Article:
The pelicans were flying overhead, with the seagulls. Everyone was squawking above me and swooping down into the tide to greet the koalas and some people were running away from the shore while other people ran towards it. There were colorful bathing suits everywhere, the colors blurred.

As I got closer, my eyes locked onto the piles of koala fur and claws and noses and mouths. I saw the koalas rolling up onto the beach with the waves, their bodies washing into one another, their fur covered in water.

Yes, yes, yes. The koalas were here. There were so many koalas. You could never count them all, I thought.

I kept running, full speed. The closer I got, the harder I clenched my fists.

There were too many people. If everyone took one koala, I might be left with nothing. I suddenly hated the crowds of strangers in their bright bathing suits. If I did not grab as many koalas as possible, I would only have one and one wasn't enough. I pushed through all of the legs and kept running.

I stopped at the edge of the sea. Water was rushing in between the koalas and I let it run over my toes.

I looked around. There weren't as many people nearby as I thought. There was just one old man a few feet away. Lots of people were still running, probably to get their suitcases. But there were plenty of koalas here, within reach. I could have them all. The old man next to me wasn't even taking one. Our car would be filled with koalas, there would be koalas in our house, koalas everywhere.

I bent over the first koala, one lying on his side, sleeping, the waves pushing over him. I wanted him. I reached down and grabbed him with both hands, excitedly, the joy thumping in my chest against my ribs, and he was heavy, so heavy, and so wet.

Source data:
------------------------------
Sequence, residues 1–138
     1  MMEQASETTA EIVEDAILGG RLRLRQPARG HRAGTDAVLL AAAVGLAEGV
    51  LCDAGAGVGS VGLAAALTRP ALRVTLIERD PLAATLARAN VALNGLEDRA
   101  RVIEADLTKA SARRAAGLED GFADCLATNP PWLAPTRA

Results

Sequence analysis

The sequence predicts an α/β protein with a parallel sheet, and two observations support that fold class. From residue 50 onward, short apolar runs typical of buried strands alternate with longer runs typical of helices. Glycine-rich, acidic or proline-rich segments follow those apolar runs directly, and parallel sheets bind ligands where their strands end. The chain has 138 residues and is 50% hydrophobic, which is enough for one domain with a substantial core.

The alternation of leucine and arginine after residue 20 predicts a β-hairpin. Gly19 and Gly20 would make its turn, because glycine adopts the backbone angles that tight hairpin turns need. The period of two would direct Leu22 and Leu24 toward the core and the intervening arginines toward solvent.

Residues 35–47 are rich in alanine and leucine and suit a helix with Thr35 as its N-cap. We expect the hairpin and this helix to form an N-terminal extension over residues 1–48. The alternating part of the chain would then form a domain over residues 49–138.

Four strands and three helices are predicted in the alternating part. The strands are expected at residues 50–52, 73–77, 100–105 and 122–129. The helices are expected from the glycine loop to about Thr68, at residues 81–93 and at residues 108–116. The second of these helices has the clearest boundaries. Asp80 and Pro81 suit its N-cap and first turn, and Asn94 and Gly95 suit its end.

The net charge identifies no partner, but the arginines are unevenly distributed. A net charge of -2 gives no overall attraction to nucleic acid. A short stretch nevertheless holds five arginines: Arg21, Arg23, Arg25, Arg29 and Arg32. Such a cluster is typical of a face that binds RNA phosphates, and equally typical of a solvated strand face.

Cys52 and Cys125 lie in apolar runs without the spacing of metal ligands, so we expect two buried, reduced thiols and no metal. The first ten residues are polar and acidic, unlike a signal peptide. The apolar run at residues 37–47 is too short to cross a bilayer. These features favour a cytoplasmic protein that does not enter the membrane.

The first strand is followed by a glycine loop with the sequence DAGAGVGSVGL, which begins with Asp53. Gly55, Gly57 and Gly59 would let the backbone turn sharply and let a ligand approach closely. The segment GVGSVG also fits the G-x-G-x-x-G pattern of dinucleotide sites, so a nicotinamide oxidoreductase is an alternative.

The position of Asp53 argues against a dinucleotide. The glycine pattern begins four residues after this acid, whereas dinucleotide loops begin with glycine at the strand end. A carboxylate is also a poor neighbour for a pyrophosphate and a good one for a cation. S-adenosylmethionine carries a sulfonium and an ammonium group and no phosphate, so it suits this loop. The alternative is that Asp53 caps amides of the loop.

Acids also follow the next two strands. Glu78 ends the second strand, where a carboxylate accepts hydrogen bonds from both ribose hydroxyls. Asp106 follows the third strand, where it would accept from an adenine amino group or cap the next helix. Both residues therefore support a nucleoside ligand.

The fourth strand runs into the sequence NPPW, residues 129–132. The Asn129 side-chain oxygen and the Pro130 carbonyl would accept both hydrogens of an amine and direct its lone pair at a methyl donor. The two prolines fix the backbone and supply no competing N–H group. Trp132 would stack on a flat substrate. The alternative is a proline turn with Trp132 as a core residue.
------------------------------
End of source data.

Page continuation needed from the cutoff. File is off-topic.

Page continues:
I strained to lift him up to me, to pull him up from the sand but I was not strong enough. Finally I settled on sitting him up in the water so that I could see his face. I put my knees down into the wet sand to look at him, to hug him against my chest.

The screams came out of my throat before I knew what was happening.

As I screamed, I realized that here was the koala bear's face, eyes plucked out and blood clinging to the fur, veins hanging out of the holes and resting against his cheeks.

I looked down and all around me were piles of eyeless koalas, their dead bodies rolling. All of their faces had the two deep holes, the veins bouncing against the sand as their heads hit the beach. The old man was shaking his head. I began to sob loudly. And then there was my father with his hand wrapped around my arm, yanking me away from them, away from the shore.

"Close your eyes, Cassie," my father said.

I spent the rest of the afternoon in the bedroom I shared with my brother. I lay on my stomach on my small bed and cried in the dark. I fell asleep like that until my mother came in and woke me up for dinner.

And then, there was Fred, sitting at the dinner table. We were all at the dinner table. It was my mother and my father and my brother and me and Fred. My cheeks were wet and my mouth felt numb.

Fred was drinking beer again. My father was, too. I could not eat my hamburger. I could only think about those eyeless holes and weep quietly.

"Cassie," my mother said. "Control yourself at the dinner table."

"The..." I sobbed quietly back, "koala was..."

"I told you I didn't want to hear the word koala again, goddammit!" my mother snapped.

I looked down at my plate. Fred was not bothered.

Through a thick mouthful of hamburger, he said, "Warned you about those damned koalas, didn't I?" to my father. He said this over my head, as if I were not there, at the table. He said it as if I were not still sobbing, much louder now, my whole body shaking from the wailing sound that rose up out of me.

BIO: Sarah Rose Etter was born and raised in Pennsylvania. She earned her B.A. in English & Publishing at Penn State University and is currently working towards her M.F.A. at Rosemont College. She loves T.S. Eliot and dive bars--and hates semicolons.